'Anti-forensic' malware on the rise

New techniques include 'compression bombs' and stealth technology

The latest threat to intellectual property comes in the shape of malicious software that is capable of infecting a computer, hiding itself until the user accesses specific files or Web sites — in order to steal files or passwords — and then deleting any trace of itself.

Speaking at the IT Security in Government Conference in Canberra, Australia on Friday, Brian Denehy, security assurance engineer at CyberTrust, told delegates the vast majority of new malware uses "some type of stealth" or anti-forensic technology in an attempt to remain undetected before, during and after an attack.

According to Denehy, techniques used not only include "the obvious ones" such as encryption and rootkits but also "compression bombs" — which are compressed files that try to make life difficult for forensic tools by attempting to expand to an infinite size when executed.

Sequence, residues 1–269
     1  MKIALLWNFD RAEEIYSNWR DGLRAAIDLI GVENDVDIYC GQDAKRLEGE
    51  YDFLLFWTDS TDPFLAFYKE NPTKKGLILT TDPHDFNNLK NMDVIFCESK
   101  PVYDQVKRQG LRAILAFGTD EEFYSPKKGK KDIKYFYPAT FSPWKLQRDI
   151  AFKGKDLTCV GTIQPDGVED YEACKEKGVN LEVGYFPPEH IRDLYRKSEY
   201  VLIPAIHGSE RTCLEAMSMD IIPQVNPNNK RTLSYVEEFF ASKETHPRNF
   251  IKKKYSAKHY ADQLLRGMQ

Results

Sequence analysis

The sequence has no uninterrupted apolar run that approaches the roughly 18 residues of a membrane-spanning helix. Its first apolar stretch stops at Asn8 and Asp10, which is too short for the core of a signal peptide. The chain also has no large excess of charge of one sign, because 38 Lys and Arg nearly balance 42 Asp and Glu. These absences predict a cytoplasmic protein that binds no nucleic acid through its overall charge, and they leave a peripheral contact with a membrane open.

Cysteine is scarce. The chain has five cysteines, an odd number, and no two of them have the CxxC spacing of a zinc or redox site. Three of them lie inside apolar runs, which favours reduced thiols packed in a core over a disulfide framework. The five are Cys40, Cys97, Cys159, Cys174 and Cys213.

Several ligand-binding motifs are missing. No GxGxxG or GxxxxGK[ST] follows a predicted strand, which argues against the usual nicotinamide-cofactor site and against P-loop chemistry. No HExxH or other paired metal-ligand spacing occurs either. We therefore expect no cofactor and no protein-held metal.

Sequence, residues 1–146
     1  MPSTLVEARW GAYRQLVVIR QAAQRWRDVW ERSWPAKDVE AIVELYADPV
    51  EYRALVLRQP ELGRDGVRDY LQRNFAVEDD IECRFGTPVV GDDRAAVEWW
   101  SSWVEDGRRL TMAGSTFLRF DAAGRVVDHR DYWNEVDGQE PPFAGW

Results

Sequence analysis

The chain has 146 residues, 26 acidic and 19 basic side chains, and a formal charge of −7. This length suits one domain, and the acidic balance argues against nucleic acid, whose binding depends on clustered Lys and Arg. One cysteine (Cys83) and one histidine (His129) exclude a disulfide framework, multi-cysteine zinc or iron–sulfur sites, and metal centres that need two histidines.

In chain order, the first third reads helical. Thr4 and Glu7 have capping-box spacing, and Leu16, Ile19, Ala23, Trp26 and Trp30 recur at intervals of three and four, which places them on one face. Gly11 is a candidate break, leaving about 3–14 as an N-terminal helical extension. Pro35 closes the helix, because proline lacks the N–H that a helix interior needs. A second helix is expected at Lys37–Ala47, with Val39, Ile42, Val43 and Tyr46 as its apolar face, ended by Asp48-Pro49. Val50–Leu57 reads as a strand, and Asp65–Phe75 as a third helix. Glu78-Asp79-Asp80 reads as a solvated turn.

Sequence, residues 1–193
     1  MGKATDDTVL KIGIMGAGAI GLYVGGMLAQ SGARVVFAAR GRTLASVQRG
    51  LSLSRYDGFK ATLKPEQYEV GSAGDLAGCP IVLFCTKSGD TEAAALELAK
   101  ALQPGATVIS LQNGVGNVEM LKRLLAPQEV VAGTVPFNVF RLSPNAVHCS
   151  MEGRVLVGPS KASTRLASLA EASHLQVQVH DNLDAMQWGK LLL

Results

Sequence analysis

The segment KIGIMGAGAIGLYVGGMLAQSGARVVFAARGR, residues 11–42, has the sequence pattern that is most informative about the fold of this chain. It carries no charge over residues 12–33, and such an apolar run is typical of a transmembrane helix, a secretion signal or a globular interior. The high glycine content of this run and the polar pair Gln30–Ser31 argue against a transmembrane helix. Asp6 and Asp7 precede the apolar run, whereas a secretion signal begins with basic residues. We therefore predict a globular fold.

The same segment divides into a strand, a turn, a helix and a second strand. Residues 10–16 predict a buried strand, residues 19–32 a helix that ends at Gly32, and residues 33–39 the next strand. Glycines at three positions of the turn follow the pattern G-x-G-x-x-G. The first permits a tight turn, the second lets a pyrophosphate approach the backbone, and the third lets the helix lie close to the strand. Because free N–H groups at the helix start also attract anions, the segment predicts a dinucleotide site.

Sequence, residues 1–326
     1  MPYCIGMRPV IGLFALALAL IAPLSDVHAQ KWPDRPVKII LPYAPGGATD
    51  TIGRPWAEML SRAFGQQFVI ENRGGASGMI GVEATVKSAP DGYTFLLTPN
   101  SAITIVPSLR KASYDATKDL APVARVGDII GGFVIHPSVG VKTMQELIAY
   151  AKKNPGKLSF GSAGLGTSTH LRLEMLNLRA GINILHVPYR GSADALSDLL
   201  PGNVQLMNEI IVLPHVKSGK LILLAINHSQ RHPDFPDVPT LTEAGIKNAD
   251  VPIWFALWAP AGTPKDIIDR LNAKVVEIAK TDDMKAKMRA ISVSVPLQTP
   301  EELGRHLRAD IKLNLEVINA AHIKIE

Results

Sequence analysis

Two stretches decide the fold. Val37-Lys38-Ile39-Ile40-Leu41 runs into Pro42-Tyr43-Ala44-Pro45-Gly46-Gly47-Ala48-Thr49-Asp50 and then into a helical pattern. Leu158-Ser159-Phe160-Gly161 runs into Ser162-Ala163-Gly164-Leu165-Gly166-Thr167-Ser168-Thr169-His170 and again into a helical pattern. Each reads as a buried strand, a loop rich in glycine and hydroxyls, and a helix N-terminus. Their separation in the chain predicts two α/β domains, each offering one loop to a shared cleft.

He said: "Generally these techniques are seen in about 65 percent of all forensic investigation these days.

"Some just do a complete wipe on the disk — equivalent to a low level format — to make sure that some of the remnant magnetisation is not left behind. Most of you may well appreciate that just writing on a hard disk still leaves evidence there that can be recovered with the right tools.

"People also use the slack space at the end of files or introduce extras in the bad sectors list to hide their data... it makes life more difficult."

When conducting investigations, it's always Denehy's hope that these techniques haven't been used by hackers. "It is pleasing to find an inexperienced hacker that has not used these things and has made it easy to analyse," he said.